Many clock case companies put there name on the movements but if the movement starts with UW then its Urgos.
Floor clock movements that have three weights are the only ones available. The spring driven or two weight units have not been made in a very long time and a exact replacement is not available. If you have a spring driven or two weight Urgos mechanical clock movement, please email us with the movement numbers Example= UW6/61 or UW7/67, and we will let you know what we have as a closest equivalent movement that can be adapted to fit.
A new movement will last much longer than a repair ever would. It would usually cost less and be up and running in a very short time where as a repair can take months. So the new movement would be faster, cost less, and would last a lot longer. This is because a repair on the unit is a very time consuming process and the movement would be disassembled and reassembled for this. The only time you should have the movement serviced is if it is out of production and not available new, or it is a very high end movement such as a tubular bell. A tubular bell clock movement is the only one someone would consider doing a repair on rather than a replacement as these are more expensive.
With age, the clock oil will solidify and become more of an abrasive rather than a lubricant. The oil ends up being this sticky tar like substance and creates wear on the movement, although it is not easy to identify the wear all the time. Most of the wear occurs in the holes of the brass plates where the pivot arbors stick through it and attempt to spin. When they are spinning in the hole while lubricated with old sticky oil, this creates wear. The wear takes place in the pivot holes and the holes become oblong instead of round. With the oblong holes the pivots get pinched, and between this and the sticky oil, the clock will ultimately cease to function properly. A good thorough cleaning would require the movement to be completely disassembled and new brass bushings installed in the pivot holes. This is a time consuming and sometimes challenging process and therefore it ends up being an expensive service.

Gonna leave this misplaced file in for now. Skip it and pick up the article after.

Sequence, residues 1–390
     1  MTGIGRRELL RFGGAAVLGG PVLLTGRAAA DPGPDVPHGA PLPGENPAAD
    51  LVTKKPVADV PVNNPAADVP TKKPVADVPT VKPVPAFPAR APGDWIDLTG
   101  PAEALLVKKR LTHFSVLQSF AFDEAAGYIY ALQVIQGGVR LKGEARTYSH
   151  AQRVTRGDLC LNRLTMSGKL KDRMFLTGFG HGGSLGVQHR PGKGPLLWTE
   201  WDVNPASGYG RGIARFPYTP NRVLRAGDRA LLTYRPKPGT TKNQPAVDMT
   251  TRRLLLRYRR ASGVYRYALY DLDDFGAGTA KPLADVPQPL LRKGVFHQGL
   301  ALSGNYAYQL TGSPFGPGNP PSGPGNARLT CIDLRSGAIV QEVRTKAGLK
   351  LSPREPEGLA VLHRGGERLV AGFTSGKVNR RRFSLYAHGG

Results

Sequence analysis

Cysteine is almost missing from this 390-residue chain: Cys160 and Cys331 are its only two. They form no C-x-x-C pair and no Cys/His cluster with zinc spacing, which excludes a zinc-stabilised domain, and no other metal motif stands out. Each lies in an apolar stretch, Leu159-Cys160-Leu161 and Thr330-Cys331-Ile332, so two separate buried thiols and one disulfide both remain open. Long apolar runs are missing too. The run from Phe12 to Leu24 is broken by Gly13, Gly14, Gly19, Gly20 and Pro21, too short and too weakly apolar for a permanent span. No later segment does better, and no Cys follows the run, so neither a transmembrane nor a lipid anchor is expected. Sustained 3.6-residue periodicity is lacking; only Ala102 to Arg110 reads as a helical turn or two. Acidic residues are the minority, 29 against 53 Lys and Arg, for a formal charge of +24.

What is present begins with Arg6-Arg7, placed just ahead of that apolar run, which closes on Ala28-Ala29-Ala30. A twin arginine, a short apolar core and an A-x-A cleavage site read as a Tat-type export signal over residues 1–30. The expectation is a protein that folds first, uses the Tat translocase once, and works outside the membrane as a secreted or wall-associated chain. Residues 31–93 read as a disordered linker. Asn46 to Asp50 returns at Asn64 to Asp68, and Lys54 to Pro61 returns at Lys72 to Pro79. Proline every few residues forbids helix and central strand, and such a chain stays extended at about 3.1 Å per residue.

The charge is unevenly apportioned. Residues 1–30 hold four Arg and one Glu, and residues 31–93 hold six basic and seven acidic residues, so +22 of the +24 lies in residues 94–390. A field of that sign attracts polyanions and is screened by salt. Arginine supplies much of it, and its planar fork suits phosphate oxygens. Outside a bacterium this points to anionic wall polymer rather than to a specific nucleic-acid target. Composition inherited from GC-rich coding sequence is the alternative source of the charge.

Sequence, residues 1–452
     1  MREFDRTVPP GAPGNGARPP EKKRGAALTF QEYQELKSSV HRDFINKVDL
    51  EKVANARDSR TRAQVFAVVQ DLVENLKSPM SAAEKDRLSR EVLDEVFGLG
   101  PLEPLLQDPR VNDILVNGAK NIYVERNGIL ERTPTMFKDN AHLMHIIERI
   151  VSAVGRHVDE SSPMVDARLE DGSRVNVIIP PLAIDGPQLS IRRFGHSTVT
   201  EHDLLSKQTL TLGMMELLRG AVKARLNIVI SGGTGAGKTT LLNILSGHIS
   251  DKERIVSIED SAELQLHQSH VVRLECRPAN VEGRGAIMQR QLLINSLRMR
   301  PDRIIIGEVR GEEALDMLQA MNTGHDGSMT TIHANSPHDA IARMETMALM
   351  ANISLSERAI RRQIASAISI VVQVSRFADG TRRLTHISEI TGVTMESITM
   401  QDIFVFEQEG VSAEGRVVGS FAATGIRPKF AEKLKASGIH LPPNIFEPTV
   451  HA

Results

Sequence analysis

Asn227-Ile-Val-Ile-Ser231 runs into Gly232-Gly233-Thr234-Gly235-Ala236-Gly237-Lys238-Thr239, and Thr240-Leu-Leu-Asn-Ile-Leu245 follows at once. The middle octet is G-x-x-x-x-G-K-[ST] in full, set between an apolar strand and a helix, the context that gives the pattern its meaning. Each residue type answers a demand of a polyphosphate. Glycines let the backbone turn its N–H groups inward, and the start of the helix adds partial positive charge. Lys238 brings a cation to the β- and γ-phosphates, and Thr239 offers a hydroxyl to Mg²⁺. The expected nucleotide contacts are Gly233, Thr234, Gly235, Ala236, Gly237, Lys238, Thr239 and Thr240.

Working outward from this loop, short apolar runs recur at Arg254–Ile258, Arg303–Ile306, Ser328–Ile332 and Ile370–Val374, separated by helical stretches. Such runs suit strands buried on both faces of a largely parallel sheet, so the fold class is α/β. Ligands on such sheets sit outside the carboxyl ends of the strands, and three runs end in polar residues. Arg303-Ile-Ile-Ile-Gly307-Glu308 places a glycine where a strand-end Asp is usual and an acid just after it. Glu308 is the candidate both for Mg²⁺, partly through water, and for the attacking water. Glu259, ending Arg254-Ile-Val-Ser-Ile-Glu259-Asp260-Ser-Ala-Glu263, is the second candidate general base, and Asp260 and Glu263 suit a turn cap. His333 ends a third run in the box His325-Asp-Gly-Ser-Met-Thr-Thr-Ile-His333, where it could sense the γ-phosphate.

To determine the numbers you have on the movement, you need to get to the back of the brass mechanical clock movement. Often there are side access panels to the clock if it is a floor clock, and you can look with a flash light. Taking the movement right out is an option as well, since ordering a different one anyway. Now the numbers are located on the bottom of the back plate of the brass movement itself. Not on the paperwork or the clock case, only on the brass movement. Urgos clock movements have changes numbering systems many years ago. What this means is the movement you have now may have some markings on it, such as UW32/1A, but this same unit is now called UW32319 as they have a new number for the exact same movement. If you have an old number style and need to convert to the new number, the movement has definitely lived its life span and is time to replace it.
With the numbers off of the back plate, we need to figure out if it has an old numbering system or new one. If you have a / in the number, it’s definitely the old system therefore older movement and its lived its life. If it does not have a / it still may be the old numbering system as well. So what you do, is go to the drop down menu by the order button, drop down the list and see if your numbers are listed. If you do not see the numbers listed in the drop down menu, we need to use the chart below and find your movement number listed, and get the new number that will be on the drop down menu. The chart is correct, if the old number has a conversion to a new number, you will get that same movement. Since this is the same movement you have now but new, all the components to the clock movement should fit fine as well (dial / hands weights / chime block). So one more thing about the old to new numbers, if the old numbers have a / in it, replace that / with one or sometimes two zeros if the / is at the middle of the old numbers. Confused? Our phone number is 800.381.7458 email is email@example.com
*The shutoff on the old unit was made at the 3,6 and 12 o'clock positions. The new unit has a shutoff at the 3 o'clock position only. Attach a brass rod to the shutoff and drop behind the dial into the case to change chime selector if necessary.
**The new unit has a time winding hole about 1/2 inch below the original. It is necessary to modify the dial to accommodate this. In addition the new unit has a time winding drum slightly below the level of the bottom of the unit requiring that the seatboard be "dished out" that area.